This is one of my favorite blocks I’ve seen from him. As you can see, Sample helps the right tackle with an aggressive punch to the hip of the defensive tackle. Once he makes contact, he quickly peels off and hits the second level with a good angle. He gets the linebacker (LB 27) and makes contact. Meanwhile, he keeps his feet churning and finishes the block by putting the linebacker in the dirt. What’s so impressive is how fast he catches the linebacker. Eye progressions are just as important for tight ends when blocking as it is for offensive linemen. Sample puts it all on display during that rep against Stanford.
Above is another great example of Sample taking a good angle and sealing off the linebacker at the second level. This creates a huge opening for the running back to gain more yardage after running through the initial tackler. When you look at the block, look at how square Sample is. He maintains low pad level and separation while locking out the linebacker with his hands inside. This is a terrific example of what he provides as a blocker.
He has the tools to catch passes
I love seeing the blocks Drew Sample executes at a high level, but what does he do when running routes and catching passes? He’s not as polished as Noah Fant from Iowa, but he has the tools to work with and should provide an NFL team with some type of volume in the passing game. This past season, he only had 25 receptions for 252 yards and three touchdowns.
With how often Sample is used as a blocker, it’s important to see how he’s utilized when it comes to “check releasing”. The play above is him executing a check release and then getting open for a pass that the quarterback can check down to if all his other reads are covered. He does hold his block for a second too long, but as he gets open, the quarterback (Jake Browning) finds him; Sample does the rest.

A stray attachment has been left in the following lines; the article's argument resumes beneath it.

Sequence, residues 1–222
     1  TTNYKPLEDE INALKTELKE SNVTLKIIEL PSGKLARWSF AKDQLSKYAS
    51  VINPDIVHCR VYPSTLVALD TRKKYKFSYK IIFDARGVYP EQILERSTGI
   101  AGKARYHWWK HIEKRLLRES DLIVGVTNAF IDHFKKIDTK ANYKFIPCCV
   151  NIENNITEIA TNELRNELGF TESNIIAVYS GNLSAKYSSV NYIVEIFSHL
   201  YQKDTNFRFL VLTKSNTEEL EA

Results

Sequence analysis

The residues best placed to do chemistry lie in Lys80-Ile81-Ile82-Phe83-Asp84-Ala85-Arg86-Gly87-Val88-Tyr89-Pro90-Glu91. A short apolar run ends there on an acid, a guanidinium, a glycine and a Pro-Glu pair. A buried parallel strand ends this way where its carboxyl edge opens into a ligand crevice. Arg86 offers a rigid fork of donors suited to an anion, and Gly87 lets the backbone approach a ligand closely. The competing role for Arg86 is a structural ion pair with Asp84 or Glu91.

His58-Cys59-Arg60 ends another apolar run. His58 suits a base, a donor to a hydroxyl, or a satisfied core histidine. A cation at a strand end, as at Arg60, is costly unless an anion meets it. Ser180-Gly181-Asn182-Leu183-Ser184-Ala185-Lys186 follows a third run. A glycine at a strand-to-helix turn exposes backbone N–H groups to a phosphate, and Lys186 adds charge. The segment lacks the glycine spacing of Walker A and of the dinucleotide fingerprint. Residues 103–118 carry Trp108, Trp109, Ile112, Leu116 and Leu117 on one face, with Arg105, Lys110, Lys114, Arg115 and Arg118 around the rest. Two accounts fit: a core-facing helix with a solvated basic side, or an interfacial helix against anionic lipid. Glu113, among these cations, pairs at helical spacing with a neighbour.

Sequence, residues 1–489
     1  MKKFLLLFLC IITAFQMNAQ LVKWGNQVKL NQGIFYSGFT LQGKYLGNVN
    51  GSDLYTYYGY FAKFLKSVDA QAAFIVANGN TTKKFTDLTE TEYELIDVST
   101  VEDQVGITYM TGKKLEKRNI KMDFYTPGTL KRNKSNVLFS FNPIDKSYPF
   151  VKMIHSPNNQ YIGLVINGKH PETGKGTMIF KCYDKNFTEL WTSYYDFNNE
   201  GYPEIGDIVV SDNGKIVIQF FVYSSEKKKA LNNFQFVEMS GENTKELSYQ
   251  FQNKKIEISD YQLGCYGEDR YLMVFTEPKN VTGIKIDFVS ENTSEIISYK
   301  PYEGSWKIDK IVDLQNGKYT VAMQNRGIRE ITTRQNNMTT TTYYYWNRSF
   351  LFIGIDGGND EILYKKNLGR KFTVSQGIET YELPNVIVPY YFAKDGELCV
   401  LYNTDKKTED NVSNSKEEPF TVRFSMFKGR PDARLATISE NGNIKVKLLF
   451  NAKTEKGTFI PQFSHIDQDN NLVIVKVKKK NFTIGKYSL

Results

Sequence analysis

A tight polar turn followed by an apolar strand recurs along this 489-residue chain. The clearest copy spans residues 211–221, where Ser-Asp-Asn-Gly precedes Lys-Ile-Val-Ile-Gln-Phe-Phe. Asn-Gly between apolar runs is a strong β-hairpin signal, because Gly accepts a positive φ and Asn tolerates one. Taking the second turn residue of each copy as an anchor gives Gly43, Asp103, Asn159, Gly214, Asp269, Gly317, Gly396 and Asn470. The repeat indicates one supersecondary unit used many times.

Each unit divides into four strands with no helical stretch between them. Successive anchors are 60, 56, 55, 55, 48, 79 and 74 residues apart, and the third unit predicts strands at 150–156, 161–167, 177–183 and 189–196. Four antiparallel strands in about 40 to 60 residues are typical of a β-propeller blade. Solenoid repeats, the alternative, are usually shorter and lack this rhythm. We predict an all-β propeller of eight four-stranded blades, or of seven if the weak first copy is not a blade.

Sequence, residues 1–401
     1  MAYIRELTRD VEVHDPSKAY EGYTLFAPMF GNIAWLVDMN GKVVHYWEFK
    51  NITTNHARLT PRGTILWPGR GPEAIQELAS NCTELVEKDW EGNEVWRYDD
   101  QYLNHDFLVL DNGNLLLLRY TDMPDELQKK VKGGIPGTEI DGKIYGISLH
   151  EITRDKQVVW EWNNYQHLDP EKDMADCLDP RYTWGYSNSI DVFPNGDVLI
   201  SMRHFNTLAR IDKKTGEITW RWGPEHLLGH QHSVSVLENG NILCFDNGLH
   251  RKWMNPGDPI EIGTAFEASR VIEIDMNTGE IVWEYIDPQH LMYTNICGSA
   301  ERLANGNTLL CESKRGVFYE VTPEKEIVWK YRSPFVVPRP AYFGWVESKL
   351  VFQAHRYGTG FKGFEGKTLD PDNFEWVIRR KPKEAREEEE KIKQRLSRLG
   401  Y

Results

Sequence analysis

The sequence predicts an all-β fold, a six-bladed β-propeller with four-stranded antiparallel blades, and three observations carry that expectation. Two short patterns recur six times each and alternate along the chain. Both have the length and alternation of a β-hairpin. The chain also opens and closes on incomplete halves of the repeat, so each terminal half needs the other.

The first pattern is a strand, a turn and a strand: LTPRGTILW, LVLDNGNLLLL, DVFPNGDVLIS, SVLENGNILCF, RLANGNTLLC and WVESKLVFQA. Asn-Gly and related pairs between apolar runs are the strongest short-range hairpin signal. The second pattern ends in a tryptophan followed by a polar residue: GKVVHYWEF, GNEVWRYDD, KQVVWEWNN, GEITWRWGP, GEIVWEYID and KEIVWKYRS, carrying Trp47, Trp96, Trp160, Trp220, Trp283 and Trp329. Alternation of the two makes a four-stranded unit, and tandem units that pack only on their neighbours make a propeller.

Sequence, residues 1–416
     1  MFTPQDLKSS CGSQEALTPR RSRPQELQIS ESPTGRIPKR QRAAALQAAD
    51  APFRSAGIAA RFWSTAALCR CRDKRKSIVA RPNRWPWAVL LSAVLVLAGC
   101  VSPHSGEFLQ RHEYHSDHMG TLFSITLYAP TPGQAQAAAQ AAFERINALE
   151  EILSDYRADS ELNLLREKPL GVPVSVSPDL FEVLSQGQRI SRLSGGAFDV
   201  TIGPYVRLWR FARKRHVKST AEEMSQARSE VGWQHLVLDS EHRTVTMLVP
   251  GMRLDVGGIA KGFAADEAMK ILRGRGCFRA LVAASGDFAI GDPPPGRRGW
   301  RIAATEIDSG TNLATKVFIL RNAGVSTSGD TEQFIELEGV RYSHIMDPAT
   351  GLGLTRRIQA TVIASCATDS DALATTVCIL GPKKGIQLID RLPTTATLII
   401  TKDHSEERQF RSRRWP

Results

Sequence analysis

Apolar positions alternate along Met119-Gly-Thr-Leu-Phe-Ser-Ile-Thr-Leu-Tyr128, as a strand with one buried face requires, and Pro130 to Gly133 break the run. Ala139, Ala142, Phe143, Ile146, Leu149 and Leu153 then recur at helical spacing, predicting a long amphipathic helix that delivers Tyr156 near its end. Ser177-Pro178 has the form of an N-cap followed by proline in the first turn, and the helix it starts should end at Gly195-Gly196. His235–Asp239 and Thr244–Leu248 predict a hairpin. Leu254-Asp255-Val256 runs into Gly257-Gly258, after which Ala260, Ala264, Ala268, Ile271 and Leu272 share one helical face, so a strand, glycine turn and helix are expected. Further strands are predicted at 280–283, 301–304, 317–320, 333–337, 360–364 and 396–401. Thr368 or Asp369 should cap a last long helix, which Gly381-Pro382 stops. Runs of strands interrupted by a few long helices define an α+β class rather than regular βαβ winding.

One of the more common routes you’ll see Sample run is an in route. He has a clean release off the line and breaks in toward the middle of the field after going about 10 yards up the field. Again, he doesn’t do this often and isn’t as polished as other players in this class, but this is a promising sign for his development.
Drew Sample 👀 pic.twitter.com/56EdyueyZ5
— Russell Brown (@RussNFLDraft) January 12, 2019
This week, Drew Sample will be participating in the 2019 Senior Bowl. He’ll be competing against some other quality tight ends, such as Tommy Sweeney from Boston College and Josh Oliver from San Jose State. There’s no question that he’s going to be one of the better blockers, if not the best blocker in this group.
As for pass catchers, he’ll have to really show what he can do this week. It wouldn’t be surprising if Josh Oliver solidified himself as that tight end, though. This week will be pivotal for Drew Sample and his draft stock for the 2019 NFL Draft. As I’ve said, he’s a great run blocker and has the tools to succeed in the passing game.
He looks limited as an athlete, but with a good showing during the draft process (Senior Bowl, Scouting Combine and Pro Day), he should solidify his spot as a day three pick. There’s a chance that he rises into late day two consideration, but it really depends on how the run on tight ends goes. During the 2006 NFL Draft, we saw nine tight ends taken in the top 100 selections. We could very well see that this year, and Drew Sample is certainly a player we could see climb up draft boards when it’s all said and done.